Interrogate Yourself


Interrogate yourself, to find out what inhabits your so-called mind and what kind of soul you have now.

- Marcus Aurelius

Each morning, I check my Daily Stoic App for a quote to consider for the rest of the day. This quote struck me because it is the purpose for my blog and public speaking.

I aim to examine myself as deeply as possible.

I want to see why I react the way I do to certain stimuli. I want to know why my thoughts trend in a particular direction. I desire to step outside myself and evaluate how I live.

This degree of introspection is not uncommon for depressives or those with some other mental illness(es). When life forces you to acknowledge your deep currents, you can ignore them and be swept around (as I did for many years), or you can work to understand them (as I am attempting to do). In this, I follow in the footsteps of those who battled The Black Dog of Depression.

  • Abraham Lincoln

    • “I am now the most miserable man living.” (at 32)

    • “If it were not for these stories—jokes—jests I should die; they give vent—are the vents of my moods and gloom.”

  • William James

    • He felt the “ebbing of the will to live . . . a personal crisis that could only be relieved by philosophical insight.”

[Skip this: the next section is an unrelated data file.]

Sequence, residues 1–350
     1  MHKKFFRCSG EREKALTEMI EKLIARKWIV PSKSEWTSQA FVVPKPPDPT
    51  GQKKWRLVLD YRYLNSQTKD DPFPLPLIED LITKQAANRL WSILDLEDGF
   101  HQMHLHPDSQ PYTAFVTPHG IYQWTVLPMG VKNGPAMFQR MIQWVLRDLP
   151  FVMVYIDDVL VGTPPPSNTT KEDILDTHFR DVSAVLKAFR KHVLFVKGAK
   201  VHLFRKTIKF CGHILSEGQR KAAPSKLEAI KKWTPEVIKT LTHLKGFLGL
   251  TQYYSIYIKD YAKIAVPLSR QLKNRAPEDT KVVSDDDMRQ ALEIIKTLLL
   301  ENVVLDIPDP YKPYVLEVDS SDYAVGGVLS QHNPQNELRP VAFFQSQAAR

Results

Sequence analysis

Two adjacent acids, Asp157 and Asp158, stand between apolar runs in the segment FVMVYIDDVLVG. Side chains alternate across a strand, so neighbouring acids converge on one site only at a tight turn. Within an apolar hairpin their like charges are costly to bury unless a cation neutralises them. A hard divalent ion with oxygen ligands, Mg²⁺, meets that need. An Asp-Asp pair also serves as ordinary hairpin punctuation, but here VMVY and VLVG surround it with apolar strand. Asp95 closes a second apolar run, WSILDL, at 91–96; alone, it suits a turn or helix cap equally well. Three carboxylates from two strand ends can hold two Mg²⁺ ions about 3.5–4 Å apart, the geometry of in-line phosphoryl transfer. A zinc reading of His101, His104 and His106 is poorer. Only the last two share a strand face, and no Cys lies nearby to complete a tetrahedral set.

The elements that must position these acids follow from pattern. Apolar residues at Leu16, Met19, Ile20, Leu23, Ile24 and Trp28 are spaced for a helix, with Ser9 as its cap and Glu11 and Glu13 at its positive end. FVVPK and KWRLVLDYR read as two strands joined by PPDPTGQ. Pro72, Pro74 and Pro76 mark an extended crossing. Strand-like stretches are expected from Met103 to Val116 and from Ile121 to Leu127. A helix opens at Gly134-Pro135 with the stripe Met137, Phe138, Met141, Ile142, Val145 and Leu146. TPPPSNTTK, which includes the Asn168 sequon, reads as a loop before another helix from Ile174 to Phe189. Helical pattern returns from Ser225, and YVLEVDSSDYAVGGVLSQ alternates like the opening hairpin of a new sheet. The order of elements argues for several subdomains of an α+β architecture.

• “Life shall be built in doing and suffering and creating.”

  • Franz Kafka

    • “It is generally agreed that Kafka suffered from clinical depression and social anxiety throughout his entire life,”

    • Kafka was “an accomplished swimmer, enjoyed hiking in the mountains, and was a talented horseman.”

I am not the first to think this way. To feel this way. To be this way.

Unlike Lincoln, James, and Kafka, I live in an age where my solitary battle can be shared with others. If, long after I am gone, a biographer decides that my life merits their words, I hope there isn’t much more to write than I already have.

We learn about people who shook the masses with their actions in school, and then later, far too late in my opinion, we learn about what motivated them. No one but a depressive like Kafka could write The Metamorphosis because only a depressive knows what it feels like for their existence to be a burden to those they love.

It takes a great deal of work to go from: “I suffer under the weight of my illness,” to: “I live with my illness”.

My aim is to examine myself, my illnesses, and my reactions as deeply and honestly as possible, and to share my findings with those that want to learn how to make their minds more agile.

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